NON-STOP NEW YORK stars Ianto; Bronwyn; Mr. Bumble; Capt. Jeremy Stickles; Marcel Escargot; Mrs. Karswell; The Professor; Mrs. Grudden; Arthur Bleeby; Thwackum; and One-Round.

Gypsy Malady

Posted in FILM with tags , , , , , , , , , , , , , on May 17, 2011 by dcairns

Edinburgh Filmhouse and the BFI’s Screening the Archive series is a really nice initiative to project on the big screen neglected British items that don’t always get the attention they deserve — we saw Brian Desmond Hurst’s remarkable proto-noir ON THE NIGHT OF THE FIRE a few months ago. Two months back we were sorry to miss a double bill of rare early Boulting brothers thrillers. Last month, GYPSY MELODY, a long-lost musical comedy starring Lupe Velez was the star attraction.

The movie, a 1936 musical travesty, was considered lost for 75 years before being unearthed in the Cinematheque Francaise — the print was then passed on to the BFI for restoration. The film’s French director, Edmond T Greville (BEAT GIRL), a real maestro of the guilty pleasure (he’d just completed a lavish Josephine Baker atrocity, PRINCESS TAM TAM), is not particularly celebrated in his native France, perhaps because he had a tendency to denounce French cinema as a load of rubbish. Shuffling back and forth across the channel, he managed a bilingual career that also included THE HANDS OF ORLAC with Christopher Lee, and NOOSE, a fun 1948 crime pic with a great spiv turn from Nigel Patrick, swarthy villainy from Joseph Calleia, and perky news gal levity from Carole Landis.

NOOSE makes an interesting parallel with GYPSY MELODY — both feature US stars (Landis and Lupe Velez) whose careers were sliding, slumming it in the UK. Both stars made two Brit flicks back-to-back, and later committed suicide. NOOSE is by far the more accomplished film, but that’s not so much due to a fluctuation in Greville’s ability — he frames up some very attractive shots in GM — as to the inherent limitations of the material he’s struggling with here. A plotless Ruritanian romance, the movie nominally stars bandleader Alfred Rode (as Erik Danilo, the surname being a clue to the Lubitschian aspirations). Since Rode (who appears to have had little if any Romany blood) plays a mean fiddle but can’t act to save his life, the bulk of the dialogue is shifted to the annoying comedy relief characters, and poor Lupe’s romantic interest is given nothing to do but express wonder at indoor plumbing and stage a brief spitfire moment when Rode is flocked by female fans.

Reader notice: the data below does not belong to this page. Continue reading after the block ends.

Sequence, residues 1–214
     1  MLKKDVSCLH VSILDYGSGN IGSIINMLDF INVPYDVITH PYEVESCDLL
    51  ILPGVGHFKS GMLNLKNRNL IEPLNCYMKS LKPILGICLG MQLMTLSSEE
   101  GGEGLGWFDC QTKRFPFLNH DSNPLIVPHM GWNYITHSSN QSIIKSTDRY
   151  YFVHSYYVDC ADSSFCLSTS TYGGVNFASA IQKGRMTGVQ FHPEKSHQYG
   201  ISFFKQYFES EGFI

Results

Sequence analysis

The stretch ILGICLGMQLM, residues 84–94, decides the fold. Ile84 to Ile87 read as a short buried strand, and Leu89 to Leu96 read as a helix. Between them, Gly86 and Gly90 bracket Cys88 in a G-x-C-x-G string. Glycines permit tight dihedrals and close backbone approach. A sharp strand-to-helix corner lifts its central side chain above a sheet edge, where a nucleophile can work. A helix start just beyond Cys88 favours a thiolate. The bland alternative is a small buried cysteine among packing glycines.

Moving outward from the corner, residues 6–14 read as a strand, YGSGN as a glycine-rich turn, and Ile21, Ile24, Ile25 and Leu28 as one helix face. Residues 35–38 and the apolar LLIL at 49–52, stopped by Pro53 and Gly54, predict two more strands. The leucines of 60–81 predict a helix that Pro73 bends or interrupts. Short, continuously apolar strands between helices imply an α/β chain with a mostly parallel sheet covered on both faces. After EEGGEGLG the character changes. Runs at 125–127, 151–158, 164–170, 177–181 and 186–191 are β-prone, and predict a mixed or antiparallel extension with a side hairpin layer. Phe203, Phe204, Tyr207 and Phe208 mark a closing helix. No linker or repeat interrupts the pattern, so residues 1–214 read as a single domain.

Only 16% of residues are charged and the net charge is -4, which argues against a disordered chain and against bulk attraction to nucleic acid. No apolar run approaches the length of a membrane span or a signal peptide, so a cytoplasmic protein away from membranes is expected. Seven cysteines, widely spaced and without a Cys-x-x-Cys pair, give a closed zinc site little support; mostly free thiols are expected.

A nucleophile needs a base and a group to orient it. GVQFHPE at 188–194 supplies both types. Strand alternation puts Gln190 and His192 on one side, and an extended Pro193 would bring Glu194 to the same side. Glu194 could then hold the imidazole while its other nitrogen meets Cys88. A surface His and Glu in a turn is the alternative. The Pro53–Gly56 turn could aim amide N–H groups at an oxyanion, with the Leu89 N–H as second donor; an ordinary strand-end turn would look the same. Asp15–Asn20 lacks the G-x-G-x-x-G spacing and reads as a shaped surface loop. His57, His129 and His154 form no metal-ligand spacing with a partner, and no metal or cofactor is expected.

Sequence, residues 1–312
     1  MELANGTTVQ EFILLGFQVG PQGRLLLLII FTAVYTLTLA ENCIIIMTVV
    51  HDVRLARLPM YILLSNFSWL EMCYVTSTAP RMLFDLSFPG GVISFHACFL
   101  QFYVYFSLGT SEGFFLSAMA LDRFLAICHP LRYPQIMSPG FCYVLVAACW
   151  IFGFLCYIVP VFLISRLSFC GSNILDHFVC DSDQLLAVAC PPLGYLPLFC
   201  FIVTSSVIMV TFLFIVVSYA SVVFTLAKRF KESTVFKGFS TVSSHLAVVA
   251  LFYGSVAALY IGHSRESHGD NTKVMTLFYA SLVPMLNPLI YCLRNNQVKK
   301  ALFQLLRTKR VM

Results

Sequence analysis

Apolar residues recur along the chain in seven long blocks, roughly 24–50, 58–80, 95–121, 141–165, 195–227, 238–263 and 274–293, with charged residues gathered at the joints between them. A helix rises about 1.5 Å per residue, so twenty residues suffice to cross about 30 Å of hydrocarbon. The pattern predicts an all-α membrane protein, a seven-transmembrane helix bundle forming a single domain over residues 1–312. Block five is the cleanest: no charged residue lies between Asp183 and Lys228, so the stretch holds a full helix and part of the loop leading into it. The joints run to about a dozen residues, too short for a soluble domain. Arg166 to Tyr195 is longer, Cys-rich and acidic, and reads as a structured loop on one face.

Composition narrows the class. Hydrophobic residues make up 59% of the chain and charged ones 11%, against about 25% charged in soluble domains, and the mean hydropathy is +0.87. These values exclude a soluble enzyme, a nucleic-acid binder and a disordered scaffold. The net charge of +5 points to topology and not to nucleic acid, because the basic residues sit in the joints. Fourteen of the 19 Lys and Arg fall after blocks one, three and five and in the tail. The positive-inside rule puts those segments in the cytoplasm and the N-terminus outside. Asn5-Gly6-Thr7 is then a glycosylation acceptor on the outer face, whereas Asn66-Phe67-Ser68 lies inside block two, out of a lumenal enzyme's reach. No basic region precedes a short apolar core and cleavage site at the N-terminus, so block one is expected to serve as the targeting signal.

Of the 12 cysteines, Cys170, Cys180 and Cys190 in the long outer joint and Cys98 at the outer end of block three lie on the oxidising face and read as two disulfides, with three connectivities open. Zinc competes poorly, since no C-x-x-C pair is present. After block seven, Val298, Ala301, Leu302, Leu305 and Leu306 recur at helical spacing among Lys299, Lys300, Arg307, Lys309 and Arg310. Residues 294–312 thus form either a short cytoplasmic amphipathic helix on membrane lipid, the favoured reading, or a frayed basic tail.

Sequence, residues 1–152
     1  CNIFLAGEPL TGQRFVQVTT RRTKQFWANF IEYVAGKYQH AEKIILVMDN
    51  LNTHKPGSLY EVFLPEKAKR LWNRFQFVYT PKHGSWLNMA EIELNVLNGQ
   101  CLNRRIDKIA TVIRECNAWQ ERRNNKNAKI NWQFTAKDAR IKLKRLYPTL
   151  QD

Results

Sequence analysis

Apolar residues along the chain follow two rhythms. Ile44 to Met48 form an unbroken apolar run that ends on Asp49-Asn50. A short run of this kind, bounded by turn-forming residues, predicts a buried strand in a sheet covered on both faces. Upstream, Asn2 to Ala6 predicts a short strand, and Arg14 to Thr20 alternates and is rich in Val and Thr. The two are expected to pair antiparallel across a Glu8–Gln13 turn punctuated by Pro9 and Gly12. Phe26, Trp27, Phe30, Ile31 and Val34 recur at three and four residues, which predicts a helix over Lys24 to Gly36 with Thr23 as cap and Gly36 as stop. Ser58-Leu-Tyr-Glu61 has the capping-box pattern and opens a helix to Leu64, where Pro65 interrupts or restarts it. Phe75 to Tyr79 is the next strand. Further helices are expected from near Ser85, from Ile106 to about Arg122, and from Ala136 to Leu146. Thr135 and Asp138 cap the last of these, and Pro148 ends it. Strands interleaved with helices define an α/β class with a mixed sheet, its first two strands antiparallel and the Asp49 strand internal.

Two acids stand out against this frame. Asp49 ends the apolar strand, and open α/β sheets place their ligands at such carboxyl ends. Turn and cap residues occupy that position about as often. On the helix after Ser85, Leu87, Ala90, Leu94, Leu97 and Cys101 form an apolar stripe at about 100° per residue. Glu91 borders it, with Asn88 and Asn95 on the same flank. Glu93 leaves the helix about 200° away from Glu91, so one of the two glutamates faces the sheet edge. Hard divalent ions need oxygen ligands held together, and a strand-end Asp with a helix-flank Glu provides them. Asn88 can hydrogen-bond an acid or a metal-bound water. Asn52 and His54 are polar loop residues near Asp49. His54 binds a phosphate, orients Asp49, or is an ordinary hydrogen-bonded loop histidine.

Despite his inexpressiveness and apparent discomfort in front of the camera, Rode had a substantial film career, but most of it was either in France, where perhaps he was more at home with the language, or in the form of musical guest spots.

It’s interesting to read, in the Filmhouse’s accompanying flier, a Monthly Film bulletin review from the period which refers to comedy support Jerry Verno as “the Jewish hatter” — it wasn’t crystal clear to me why we should interpret the character as being Jewish. A case of anti-semitic assumptions, or character coding that’s unreadable to modern eyes? Or just background knowledge about Mr. Verno?

Thankfully, racial profiling in film reviews is on the decline in Britain today.